But what do you do when you have to get the task done? Quit your job? Pay someone else to do it? Beg a teammate?

                                                1. 9

                                                  Personal approaches: go for a quick walk, nothing long 10-15 minutes to clear your mind. On the way back pick the least bit of work you can think of to start. When you get in just start doing it.

                                                  Or I do some push ups/jumping jacks/burpees/whatever just to get my body/brain into its time to do something mode and then start work.

                                                  I find personally that just getting started tends to be my problem so this tactic tends to yield good benefits. To each their own.

                                                  Or you might like my Grandpa’s view on things, he grew up through the Great Depression. Nobody likes cleaning the toilet, but if nobody does it it will never get done so you have to buck up and just get it done.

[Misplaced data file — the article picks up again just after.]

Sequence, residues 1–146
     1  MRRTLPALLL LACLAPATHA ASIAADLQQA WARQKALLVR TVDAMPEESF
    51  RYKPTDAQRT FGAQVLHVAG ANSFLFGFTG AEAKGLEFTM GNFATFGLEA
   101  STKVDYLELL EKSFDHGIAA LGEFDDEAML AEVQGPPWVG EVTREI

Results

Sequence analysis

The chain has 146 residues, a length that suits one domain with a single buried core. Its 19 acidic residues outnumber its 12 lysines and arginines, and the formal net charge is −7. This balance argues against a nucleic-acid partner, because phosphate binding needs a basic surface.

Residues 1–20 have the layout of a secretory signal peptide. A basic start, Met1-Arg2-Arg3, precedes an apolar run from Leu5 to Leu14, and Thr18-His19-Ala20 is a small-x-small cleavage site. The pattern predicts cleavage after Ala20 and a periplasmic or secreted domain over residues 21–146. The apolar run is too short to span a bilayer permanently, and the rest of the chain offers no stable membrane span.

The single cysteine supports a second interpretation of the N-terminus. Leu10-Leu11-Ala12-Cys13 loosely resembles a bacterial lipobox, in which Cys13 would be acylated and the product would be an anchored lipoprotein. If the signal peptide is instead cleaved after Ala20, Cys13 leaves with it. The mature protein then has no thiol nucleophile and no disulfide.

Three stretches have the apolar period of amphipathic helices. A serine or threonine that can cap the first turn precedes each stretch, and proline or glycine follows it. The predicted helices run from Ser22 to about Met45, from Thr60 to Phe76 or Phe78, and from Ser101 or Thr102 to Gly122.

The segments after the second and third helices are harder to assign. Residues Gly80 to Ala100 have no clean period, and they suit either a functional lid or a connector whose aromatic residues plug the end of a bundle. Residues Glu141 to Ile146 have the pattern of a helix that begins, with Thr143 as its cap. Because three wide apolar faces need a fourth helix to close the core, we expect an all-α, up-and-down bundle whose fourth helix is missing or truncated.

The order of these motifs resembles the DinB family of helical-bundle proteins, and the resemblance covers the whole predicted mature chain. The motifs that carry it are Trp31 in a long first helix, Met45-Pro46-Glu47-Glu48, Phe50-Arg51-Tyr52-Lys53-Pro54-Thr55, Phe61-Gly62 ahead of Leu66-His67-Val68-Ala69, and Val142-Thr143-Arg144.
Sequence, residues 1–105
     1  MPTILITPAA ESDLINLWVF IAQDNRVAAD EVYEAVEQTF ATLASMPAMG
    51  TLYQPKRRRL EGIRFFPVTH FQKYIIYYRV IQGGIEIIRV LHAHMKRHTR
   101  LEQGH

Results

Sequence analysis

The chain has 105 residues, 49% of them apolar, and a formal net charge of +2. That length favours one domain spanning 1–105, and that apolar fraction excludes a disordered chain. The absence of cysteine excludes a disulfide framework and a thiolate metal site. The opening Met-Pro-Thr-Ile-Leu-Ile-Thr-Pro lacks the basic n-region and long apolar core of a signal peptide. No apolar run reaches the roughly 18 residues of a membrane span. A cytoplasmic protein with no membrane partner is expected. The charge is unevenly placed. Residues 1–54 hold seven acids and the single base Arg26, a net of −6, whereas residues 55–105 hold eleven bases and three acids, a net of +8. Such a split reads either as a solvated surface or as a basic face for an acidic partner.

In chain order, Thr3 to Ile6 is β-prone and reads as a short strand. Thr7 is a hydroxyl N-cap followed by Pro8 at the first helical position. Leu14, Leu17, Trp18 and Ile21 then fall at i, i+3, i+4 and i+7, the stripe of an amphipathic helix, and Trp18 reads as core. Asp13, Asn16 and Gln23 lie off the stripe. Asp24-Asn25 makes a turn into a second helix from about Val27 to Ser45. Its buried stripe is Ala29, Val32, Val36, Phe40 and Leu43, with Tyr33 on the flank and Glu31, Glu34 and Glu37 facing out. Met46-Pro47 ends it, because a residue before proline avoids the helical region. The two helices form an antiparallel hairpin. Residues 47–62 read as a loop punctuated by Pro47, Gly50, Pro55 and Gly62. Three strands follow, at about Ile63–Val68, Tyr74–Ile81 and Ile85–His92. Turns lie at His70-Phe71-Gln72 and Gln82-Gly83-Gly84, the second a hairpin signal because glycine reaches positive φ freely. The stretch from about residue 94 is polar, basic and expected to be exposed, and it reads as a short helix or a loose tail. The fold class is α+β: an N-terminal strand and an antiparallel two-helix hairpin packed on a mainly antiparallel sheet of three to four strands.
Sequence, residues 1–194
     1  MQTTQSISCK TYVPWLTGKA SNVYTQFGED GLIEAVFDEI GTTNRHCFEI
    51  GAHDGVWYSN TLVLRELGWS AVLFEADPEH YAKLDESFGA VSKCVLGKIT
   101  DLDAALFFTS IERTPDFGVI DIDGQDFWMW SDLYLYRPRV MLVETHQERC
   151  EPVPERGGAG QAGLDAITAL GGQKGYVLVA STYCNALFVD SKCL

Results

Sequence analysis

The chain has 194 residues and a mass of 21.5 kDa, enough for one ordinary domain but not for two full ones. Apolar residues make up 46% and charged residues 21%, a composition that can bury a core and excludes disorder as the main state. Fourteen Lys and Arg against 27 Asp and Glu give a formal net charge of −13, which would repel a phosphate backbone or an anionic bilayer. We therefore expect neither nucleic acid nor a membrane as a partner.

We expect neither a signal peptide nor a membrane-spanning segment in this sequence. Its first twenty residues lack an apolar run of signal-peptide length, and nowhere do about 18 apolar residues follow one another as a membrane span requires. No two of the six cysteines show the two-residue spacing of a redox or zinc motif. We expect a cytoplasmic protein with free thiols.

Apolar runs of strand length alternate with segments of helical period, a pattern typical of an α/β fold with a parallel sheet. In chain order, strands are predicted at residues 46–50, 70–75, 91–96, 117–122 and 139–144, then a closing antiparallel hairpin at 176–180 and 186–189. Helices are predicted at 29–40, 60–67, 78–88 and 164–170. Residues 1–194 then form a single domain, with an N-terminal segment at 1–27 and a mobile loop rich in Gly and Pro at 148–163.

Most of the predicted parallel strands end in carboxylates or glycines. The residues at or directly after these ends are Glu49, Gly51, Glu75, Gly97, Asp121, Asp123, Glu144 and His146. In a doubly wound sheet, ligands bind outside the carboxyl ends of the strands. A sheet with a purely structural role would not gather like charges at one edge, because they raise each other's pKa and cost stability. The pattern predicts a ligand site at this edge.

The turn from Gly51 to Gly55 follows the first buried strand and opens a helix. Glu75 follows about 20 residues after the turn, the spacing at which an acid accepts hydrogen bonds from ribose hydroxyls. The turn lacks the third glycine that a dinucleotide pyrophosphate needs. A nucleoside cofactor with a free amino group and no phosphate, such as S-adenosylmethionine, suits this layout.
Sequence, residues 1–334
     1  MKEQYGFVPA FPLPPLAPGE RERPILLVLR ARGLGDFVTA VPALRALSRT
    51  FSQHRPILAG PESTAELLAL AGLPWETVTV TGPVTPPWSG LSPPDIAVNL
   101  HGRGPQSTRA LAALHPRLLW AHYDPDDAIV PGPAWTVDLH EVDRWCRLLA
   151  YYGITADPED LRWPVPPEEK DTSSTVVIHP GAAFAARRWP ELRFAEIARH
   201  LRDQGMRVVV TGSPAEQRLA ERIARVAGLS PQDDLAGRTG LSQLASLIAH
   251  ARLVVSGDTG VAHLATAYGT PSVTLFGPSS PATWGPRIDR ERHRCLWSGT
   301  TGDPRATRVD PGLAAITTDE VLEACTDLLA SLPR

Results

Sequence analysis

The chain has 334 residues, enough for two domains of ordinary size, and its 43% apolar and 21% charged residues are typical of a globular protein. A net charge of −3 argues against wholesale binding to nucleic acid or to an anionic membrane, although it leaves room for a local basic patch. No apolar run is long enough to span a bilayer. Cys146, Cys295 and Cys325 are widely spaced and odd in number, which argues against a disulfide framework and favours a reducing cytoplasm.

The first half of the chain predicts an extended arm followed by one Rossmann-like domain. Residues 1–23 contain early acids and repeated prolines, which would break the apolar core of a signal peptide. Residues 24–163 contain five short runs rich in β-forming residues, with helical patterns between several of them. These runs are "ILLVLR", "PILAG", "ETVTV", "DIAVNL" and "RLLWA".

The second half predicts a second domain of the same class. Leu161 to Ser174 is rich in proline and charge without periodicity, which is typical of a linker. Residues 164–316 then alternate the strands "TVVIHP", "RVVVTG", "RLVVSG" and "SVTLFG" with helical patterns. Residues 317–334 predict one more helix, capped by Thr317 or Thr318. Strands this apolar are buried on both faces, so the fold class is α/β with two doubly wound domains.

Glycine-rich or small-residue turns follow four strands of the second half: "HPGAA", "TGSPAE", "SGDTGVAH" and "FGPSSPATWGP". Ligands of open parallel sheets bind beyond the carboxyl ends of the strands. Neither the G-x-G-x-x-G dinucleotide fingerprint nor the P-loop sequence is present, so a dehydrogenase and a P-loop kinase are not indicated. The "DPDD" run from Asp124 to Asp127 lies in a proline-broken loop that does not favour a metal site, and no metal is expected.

1. 2

                                                    I find personally that just getting started tends to be my problem

                                                    Same here. The Pomodoro technique helps me start.

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                                                I have been blogging for 15+ years. I think looking for external validation is short sighted. While people have contacted me occasionally and thanked me, and I have even gotten a few $$$ from my blog, the real reason I write is intrinsic. It clears my mind and provides a way for me to realize what I am really thinking. I do it publicly because otherwise I wouldn’t (not much of a journaler).

                                                However, if you don’t like the way the internet is currently organized, blogging is a great way to make a small change. Never been easier, all you have to commit is your time.

                                                1. 9

                                                  This is the same with me. I typically write a post describing how I got to a certain conclusion and what choices I made along the way. It helps me internalise those and then look back and refresh my memory when needed. If it helps others who stumble upon the post - all the better. But it is not the main reason.